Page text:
What are the signs that you are in an abusive relationship?

1. Toxic Jealousy – There is a healthy level of jealousy in a relationship as a result of love; however, when the other party accuses the victim of unfaithfulness and infidelity and uses this as an excuse to keep the victim away from friends and family, it has become toxic and should be addressed.

2. Abuses and Insults – When one party publicly or privately attacks the other person’s intelligence and opinion in such a way that the affected party’s mentality is affected, when one party constantly blames the other for every negative situation, or throws insults at the other at will, this is a sign of a very unhealthy relationship.

3. Use of Threats – When one party in a relationship threatens to harm the other party or the other party’s family and friends if they do not do as they are told, it indicates a very unhealthy relationship.

 

Some of the reasons victims stay in abusive relationships include, but are not limited to, the following:

 

      Fear of the perpetrator, possibly as a result of what the person did in the past when the victim attempted to leave.

      One important factor is culture. According to a recent study, one out of every ten men believes that women should be beaten when they do something wrong. Another religion believes that a woman should put up with husband beatings because marriage is for better or worse. Another culture believes that it is forbidden for a married woman to return to her parents’ house for any reason, even if her husband has mistreated her.

      Some victims actually love their abusers and stay in abusive relationships in the hope of changing them.

      Low self-esteem is a result of constant psychological abuse that has made the victim feel worthless to society; the victim is made to believe he or she cannot survive anywhere else, so they feel trapped in the abusive marriage.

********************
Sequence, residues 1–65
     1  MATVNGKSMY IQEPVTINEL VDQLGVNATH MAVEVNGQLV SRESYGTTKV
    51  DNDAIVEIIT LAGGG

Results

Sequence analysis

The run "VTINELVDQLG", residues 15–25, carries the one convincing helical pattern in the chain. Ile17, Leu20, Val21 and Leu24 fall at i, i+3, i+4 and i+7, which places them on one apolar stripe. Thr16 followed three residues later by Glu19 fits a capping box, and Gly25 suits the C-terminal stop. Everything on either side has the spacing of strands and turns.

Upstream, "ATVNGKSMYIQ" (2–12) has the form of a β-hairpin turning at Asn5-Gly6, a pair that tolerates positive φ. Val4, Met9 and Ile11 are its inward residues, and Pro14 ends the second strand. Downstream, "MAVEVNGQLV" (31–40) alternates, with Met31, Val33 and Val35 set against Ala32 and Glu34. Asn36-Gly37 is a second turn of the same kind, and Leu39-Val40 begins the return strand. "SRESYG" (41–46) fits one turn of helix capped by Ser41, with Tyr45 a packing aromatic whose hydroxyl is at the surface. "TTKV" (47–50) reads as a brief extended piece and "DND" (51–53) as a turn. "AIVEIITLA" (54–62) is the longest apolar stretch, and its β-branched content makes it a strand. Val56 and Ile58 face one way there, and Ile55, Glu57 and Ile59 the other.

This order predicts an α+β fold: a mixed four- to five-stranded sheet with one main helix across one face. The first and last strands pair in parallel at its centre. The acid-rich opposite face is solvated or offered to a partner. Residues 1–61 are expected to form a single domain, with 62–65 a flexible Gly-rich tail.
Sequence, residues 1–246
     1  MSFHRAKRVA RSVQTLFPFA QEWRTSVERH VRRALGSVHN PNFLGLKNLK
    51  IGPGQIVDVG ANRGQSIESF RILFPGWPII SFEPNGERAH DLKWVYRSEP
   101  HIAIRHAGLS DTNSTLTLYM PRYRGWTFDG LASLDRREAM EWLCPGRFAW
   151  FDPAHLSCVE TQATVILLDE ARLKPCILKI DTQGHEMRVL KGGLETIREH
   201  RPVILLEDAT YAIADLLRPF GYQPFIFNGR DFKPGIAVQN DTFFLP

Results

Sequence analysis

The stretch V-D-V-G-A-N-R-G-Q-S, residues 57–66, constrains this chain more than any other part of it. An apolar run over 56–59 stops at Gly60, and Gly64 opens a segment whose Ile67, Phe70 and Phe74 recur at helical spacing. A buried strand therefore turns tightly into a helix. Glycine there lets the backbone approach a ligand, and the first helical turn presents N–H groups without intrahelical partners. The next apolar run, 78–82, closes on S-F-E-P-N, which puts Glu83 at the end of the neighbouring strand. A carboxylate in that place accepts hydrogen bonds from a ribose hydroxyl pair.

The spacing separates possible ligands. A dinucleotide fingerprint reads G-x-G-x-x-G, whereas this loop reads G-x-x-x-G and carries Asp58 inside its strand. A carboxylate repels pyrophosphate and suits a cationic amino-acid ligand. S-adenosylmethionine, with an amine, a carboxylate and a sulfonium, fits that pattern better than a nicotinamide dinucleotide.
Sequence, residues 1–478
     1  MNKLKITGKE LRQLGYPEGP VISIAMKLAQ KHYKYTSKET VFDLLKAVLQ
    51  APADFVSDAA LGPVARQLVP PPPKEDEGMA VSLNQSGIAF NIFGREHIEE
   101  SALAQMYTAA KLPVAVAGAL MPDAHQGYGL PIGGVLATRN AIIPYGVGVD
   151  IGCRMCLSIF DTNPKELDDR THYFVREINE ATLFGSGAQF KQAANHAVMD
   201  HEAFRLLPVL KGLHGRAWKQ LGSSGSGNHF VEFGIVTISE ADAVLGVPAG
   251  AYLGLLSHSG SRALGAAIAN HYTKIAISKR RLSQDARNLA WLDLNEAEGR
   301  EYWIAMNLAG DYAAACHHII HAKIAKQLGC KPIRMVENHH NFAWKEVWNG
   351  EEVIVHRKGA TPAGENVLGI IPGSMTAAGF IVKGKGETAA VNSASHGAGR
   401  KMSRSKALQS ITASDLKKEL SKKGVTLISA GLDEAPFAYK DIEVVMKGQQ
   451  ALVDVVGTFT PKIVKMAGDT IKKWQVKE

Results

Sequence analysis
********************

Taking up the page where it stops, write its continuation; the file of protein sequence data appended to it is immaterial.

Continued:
Some women choose to stay in an abusive marriage for the sake of their children, oblivious to the fact that they are causing more harm than good. These women, like the gospel singer mentioned at the beginning of this article, sometimes end up in the grave.

      Another common reason is financial concerns. A situation in which the woman is completely reliant on the man makes it difficult for the abused to leave because of considerations about how to begin and where to begin keep the abused in the abusive relationship.

 

 

If you are in an abusive relationship and feel trapped, it is time to take action before it is too late.

Speak with a trusted friend, a counselor, or an expert who can assist you in this regard.

Leave the abusive environment and seek refuge while you plan your next steps. You could also go and stay with a friend or family member.

If the abuse has become physical, contact the authorities and ask them to assist you in leaving. Know your worth; you are not the issue that the abuser’s character is. Whatever you do, if you realize you’re in an abusive relationship, get out and walk away so you can assess the situation from the outside; you can’t be in there and think clearly. Don’t put it off until it’s too late!

“If you walked away from a toxic, negative, abusive, one-sided, dead-end low vibrational relationship or friendship — you won.” ? Lalah Delia

“Make sure you’re not saying ‘It’s complicated’ when it’s actually TOXIC. The more words it takes you to explain your relationship, the less healthy it probably is.”? Steve Maraboli

 

 

Sources 

https://au.reachout.com/articles/domestic-violence-and-what-you-can-do-about-it

https://www.goodtherapy.org/blog/why-do-abuse-victims-stay-with-their-abusers-091014